I was thinking about x=0.999.. so 10x=9.999... therefore 10x-x=9 when I asked myself does the distributive property apply to an infinite number of terms since 0.9999....= sum(9/10^(-k), k=1,2...)? Maybe I'm confused about what "=" means.
Zurtex said:It is of course wrong to assume the distributive property applies to an infinite number of terms. Once you however learn the maths to prove it, you'll find in fact it does (under more strict cirumstances).
This topic has been beaten to death at least a few dozen times on this forum, I remember one thread that went on for over 400 posts.Night Owl said:I thought this topic was beaten to death.
cronxeh said:oH you wont believe just where I've found it :rofl:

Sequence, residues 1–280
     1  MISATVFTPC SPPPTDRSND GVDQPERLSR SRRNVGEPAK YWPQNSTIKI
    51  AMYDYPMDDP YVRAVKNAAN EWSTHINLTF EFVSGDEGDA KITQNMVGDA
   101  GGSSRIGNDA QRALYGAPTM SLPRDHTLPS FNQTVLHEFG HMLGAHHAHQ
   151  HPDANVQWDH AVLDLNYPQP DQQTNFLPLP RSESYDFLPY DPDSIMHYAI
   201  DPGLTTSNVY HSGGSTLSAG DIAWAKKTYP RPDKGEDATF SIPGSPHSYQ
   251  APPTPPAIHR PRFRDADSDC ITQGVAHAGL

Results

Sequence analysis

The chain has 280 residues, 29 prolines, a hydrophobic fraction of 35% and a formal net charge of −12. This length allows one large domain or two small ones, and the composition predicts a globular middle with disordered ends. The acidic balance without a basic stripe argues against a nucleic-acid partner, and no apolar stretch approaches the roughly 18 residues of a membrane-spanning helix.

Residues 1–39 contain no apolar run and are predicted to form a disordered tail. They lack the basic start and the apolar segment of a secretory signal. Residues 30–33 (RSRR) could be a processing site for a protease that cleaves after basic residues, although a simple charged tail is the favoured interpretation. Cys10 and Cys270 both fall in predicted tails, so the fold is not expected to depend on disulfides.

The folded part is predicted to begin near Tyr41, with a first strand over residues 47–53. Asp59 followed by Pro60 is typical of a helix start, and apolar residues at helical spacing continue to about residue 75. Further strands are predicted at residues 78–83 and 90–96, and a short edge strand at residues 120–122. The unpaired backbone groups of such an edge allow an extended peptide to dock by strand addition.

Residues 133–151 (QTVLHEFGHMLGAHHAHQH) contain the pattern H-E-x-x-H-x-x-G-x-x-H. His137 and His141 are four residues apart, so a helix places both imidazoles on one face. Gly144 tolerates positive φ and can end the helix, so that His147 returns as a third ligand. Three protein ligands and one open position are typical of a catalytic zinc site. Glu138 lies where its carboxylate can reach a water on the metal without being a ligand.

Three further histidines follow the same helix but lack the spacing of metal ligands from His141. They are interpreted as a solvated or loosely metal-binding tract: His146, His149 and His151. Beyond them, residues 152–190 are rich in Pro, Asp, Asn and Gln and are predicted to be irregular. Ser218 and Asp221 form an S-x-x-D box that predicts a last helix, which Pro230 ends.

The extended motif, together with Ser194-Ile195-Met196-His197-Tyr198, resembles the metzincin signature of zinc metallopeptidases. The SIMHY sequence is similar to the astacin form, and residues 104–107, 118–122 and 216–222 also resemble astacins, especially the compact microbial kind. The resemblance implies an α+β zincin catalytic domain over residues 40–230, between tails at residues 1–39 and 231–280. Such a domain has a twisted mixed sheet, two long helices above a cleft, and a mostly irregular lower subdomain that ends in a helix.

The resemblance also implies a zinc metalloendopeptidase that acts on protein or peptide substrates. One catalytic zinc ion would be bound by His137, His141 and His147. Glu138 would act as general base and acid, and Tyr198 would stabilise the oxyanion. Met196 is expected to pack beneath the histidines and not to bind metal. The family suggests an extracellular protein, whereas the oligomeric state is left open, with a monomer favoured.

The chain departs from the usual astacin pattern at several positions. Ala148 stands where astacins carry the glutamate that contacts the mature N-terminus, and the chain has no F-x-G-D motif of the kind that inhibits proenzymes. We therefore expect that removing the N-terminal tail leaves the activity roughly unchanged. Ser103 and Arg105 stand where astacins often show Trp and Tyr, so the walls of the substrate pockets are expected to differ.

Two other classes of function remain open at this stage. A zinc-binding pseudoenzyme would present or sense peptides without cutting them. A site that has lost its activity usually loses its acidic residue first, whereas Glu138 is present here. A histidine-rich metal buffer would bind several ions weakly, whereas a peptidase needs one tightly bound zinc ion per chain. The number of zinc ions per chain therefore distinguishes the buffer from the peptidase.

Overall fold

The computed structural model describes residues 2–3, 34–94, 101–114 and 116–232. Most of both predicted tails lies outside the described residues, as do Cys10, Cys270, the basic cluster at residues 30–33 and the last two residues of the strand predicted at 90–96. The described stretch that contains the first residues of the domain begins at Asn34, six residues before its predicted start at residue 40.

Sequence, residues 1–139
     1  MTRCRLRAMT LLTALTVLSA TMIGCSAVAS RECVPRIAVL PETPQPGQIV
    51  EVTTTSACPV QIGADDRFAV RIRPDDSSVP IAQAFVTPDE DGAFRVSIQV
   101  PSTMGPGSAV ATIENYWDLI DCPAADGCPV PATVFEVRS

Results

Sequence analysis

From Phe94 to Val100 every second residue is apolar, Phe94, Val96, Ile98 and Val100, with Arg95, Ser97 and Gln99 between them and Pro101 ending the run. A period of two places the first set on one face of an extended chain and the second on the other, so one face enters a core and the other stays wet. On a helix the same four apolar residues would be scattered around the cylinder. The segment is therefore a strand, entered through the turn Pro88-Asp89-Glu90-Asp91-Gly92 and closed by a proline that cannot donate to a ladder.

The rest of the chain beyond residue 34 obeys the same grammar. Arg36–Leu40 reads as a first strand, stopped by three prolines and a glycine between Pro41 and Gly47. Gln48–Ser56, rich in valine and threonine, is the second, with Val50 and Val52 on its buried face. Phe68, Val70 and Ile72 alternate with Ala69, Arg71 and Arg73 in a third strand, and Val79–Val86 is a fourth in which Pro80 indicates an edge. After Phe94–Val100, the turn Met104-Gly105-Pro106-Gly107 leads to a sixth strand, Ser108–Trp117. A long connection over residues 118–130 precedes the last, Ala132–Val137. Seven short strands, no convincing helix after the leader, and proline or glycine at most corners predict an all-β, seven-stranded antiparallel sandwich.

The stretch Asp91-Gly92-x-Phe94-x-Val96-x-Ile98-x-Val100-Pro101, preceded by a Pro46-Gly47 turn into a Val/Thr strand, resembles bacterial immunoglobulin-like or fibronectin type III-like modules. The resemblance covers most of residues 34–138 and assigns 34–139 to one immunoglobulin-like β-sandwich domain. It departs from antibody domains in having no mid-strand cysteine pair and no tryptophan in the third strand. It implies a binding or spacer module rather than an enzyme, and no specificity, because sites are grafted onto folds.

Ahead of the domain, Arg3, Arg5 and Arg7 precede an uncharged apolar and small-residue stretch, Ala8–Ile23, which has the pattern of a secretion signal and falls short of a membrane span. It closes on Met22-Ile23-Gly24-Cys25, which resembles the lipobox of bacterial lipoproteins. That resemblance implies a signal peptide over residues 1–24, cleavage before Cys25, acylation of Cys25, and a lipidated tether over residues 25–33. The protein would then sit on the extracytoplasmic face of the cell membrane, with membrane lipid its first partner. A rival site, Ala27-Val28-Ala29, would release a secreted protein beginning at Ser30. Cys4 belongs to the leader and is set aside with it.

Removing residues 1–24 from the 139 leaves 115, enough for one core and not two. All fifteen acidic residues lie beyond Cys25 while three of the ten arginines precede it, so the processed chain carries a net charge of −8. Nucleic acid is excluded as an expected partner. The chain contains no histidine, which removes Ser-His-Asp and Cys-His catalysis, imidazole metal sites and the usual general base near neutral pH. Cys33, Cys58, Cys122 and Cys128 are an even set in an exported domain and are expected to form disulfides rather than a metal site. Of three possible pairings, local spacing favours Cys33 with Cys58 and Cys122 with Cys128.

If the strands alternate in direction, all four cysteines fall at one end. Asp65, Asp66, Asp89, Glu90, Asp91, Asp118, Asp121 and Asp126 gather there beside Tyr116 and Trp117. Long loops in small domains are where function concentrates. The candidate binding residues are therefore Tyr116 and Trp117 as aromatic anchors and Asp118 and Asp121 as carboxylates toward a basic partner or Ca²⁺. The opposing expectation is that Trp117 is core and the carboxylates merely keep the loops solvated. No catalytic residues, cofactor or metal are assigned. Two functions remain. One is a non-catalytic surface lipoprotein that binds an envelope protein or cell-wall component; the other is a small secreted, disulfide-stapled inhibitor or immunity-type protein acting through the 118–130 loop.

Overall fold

On catholics forums! :rofl:
Here you can either use their link or mine:
Speaking of distributive properties:
1 = 0.999.. can be represented as:
So when you multiply by 10 it makes perfect sense since you can divide or multiply the Sum by any number, therefore both multiplication and division will hold for distributive property
All real numbers are represented in infinite form, e.g:pallidin said:Hey, I have a new number system. Ok. probably not new.
Anyway, here it goes:
Instead of 1,2,3,4, etc..., it should be .999~, 1.999~, 2.999~, etc..
And .5 should be .4999~
What my theory posits is that any number can not be an absolute quantity, rather that is must be held in an infinite form.
Would that be when one wants to fit it on the page? Or perhaps when one is a silly physicist and can't get their head round the real number line?Hurkyl said:There are times when one prefers to define the decimals in such a way that a decimal cannot end in an infinite string of zeroes. Or, to define it so that a decimal cannot end in an infinite string of nines.
Hurkyl said:There are times when one prefers to define the decimals in such a way that a decimal cannot end in an infinite string of zeroes. Or, to define it so that a decimal cannot end in an infinite string of nines.